The Vatican could approve the new English translation of the main Mass prayers as early as mid-2007, if the work of its advisory committee proceeds as planned. The Vox Clara Committee, which includes a dozen bishops from eight English-speaking countries, met Dec. 4-5 at the Vatican. Over the past year, most of the world’s English-speaking bishops’ conferences have approved a new translation of the Order of the Mass, which includes all the prayerssuch as the Gloria, Creed and eucharistic prayersused regularly in daily and Sunday Masses. The Latin-rite bishops of India, among the last to consider the new translation, are expected to vote on it during their plenary meeting in January. The Vox Clara Committee has been reviewing the translations approved by the bishops’ conferences at the request of the Congregation for Divine Worship and the Sacraments, which must give its permission, or recognitio, for the translations to be used.Pope Offers Message for World Day of Peace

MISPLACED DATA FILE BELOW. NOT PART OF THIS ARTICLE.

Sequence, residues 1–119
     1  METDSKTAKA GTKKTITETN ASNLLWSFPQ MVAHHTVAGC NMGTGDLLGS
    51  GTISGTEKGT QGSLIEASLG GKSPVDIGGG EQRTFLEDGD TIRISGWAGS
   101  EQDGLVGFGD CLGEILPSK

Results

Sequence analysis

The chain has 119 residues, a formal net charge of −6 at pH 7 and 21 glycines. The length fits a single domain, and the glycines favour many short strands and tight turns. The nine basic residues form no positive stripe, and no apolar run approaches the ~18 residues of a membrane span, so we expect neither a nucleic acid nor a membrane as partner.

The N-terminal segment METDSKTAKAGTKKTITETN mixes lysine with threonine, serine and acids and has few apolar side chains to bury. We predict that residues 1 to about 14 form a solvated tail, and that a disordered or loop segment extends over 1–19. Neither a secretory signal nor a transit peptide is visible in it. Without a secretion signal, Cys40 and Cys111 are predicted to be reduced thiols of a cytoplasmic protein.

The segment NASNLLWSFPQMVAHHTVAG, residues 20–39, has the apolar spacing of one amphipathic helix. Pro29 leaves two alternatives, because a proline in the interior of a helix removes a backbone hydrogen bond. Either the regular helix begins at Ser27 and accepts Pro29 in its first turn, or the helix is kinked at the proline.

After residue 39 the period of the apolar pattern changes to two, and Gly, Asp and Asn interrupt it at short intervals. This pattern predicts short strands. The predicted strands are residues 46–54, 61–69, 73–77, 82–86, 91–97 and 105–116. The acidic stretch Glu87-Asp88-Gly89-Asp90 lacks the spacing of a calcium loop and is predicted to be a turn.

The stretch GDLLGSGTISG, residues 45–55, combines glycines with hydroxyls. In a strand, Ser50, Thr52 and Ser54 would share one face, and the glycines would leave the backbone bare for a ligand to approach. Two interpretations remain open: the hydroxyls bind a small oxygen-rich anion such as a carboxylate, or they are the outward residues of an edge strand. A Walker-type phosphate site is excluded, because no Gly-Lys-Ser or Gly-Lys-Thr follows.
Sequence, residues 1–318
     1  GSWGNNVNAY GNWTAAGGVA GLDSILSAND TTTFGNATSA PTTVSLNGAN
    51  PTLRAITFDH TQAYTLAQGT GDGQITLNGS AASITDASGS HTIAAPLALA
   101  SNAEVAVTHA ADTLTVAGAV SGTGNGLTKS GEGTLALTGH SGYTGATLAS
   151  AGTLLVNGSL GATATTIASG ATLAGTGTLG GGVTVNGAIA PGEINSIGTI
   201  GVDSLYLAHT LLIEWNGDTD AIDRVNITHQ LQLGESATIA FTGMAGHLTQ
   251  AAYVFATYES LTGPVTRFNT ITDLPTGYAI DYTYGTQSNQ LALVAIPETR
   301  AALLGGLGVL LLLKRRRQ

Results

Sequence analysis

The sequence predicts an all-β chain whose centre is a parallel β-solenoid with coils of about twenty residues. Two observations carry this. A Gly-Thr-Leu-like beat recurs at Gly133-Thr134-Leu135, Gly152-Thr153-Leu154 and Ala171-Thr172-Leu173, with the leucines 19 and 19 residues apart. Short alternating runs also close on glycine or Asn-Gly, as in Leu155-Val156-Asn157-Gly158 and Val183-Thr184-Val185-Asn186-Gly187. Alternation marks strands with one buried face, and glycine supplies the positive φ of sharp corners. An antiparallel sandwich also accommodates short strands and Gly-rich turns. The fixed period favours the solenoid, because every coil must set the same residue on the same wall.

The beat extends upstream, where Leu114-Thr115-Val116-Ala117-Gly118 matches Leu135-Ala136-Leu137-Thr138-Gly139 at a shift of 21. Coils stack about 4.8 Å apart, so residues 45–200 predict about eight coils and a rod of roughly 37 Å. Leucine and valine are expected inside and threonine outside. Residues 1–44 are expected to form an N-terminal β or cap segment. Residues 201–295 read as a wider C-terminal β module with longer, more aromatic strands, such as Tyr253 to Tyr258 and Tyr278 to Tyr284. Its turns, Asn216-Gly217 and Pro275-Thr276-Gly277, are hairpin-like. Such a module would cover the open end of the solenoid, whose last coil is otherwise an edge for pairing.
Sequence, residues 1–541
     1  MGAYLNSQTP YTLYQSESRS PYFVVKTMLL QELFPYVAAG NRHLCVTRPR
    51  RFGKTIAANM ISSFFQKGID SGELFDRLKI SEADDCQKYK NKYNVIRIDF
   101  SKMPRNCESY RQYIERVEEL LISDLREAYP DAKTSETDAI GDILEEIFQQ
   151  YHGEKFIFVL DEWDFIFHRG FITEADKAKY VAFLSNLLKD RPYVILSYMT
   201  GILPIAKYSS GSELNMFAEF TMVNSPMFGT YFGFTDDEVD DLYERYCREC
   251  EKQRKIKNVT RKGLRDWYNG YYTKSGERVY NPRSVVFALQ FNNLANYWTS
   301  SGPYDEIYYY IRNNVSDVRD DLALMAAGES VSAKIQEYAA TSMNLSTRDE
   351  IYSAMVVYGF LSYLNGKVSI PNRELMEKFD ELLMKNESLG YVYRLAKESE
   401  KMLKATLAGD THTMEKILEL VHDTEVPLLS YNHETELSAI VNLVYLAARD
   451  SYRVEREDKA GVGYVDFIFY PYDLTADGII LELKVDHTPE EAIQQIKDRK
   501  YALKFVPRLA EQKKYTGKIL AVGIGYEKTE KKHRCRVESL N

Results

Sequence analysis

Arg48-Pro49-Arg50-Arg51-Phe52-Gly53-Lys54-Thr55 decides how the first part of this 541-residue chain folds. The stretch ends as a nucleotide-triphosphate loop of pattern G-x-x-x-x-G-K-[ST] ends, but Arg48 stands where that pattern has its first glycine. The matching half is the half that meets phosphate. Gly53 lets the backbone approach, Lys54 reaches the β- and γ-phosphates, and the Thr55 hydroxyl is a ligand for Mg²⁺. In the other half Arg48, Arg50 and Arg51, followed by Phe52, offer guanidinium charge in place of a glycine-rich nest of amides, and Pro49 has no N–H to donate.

Even when faced with a potential terrorist attack or in the midst of war, basic human rights must be respected, Pope Benedict XVI said in his message for the World Day of Peace 2007. Peace is based on respect for the rights of all, the pope said in his message for the Jan. 1 commemoration. The message, The Human Person, the Heart of Peace, was sent to heads of state around the world and was released Dec. 12 at a Vatican press conference. The pope’s message included prayers for peace in such war-torn countries as Lebanon, special concern for child victims of violence, a condemnation of continued nuclear proliferation and concern over the potential for violent conflicts over energy resources. The basis of any hope for peace, the pope said, is the recognition that each human person is created in the image and likeness of God and is therefore endowed with a dignity and with rights that cannot be usurped by anyone.Pope Points Out Problems of Christians in Holy Land